You should also provide a format for the cost portion of the proposals. This can be in the form of a spreadsheet included in your RFP to be filled out and returned, or even as simple as an itemized list. Including this information helps to clearly describe what cost elements are to be included in the proposal. Things like carpet, electrical service, vacuuming, floral or technical support are not always part of the RFP process.
The bottom line? Give prospective vendors enough information to put together a proposal that is complete and in a format that makes it easy to compare. Time spent editing and refining your RFP documents can result not only in significant time savings when the time comes to review submissions, but also more quality in responses.
Trade shows can be one of the most cost-effective ways for your company to reach qualified prospects. And with a little bit of planning you can dramatically improve your results.
- Start planning as soon as you know you will be attending the show. Make your booth space reservation as far in advance as possible so you can select the best location and size.
- The majority of trade show attendees plan their trade show exhibit visits before the show. 75% of buyers arrive with pre-set purchasing objectives. A pre-show marketing campaign is essential to making the most of your trade show exhibit investment.
- Most trade shows are covered by local and industry media. Before the show, invite local media contacts to visit your booth. Find out if there will be any trade press at the show and set up a time to meet.
- Promote the shows your company will be exhibiting at and your booth location on your company website, Twitter and Facebook pages.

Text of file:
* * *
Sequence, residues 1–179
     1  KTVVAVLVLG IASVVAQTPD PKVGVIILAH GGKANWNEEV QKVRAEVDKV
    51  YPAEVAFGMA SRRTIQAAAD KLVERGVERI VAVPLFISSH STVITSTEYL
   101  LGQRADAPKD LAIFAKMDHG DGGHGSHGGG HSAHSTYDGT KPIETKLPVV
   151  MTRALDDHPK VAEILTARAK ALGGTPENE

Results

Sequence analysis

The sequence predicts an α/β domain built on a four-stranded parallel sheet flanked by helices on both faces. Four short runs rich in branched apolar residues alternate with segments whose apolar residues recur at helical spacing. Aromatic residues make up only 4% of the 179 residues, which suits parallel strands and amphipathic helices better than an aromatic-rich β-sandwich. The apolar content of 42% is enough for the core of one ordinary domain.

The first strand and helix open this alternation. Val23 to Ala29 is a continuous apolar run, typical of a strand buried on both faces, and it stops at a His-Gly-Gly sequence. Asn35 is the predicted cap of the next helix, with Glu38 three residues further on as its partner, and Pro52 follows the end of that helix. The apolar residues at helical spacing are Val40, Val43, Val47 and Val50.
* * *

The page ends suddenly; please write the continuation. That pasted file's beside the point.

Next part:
- Avoid printing anything at the trade show or at a hotel business center. Ship copies from your office or a printer to the show.
- Put together a comprehensive inventory list before you ship your exhibit. This will make check in and out-bound shipping more efficient, and better ensure that any missing items are identified rapidly.
- Bring more sales collateral and business cards than you think you could possibly need. You cannot afford to run out and it is inexpensive to ship it back to your office.
- Bring backup copies of all multimedia presentations on CDs just in case you have an issue with your laptop. You can also store copies of presentations online so that you can access them and download if needed.
- Organize your trade show leads in the downtime during the show and start to follow-up even before you leave the exhibit floor. Send the contact information for prospects to your office from the show and have someone send out requested collateral material to these prospects so it is waiting for them when they return to their office.
- Put together a trade show exhibit emergency kit: packing tape, scissors, pens, epoxy putty, a small trash can, power strips, extension cords, USB flash drives, cutting tools, and a tool kit. Add in anything that you might need for small emergency booth repairs and replacement parts for anything that can wear out or burn out like light bulbs.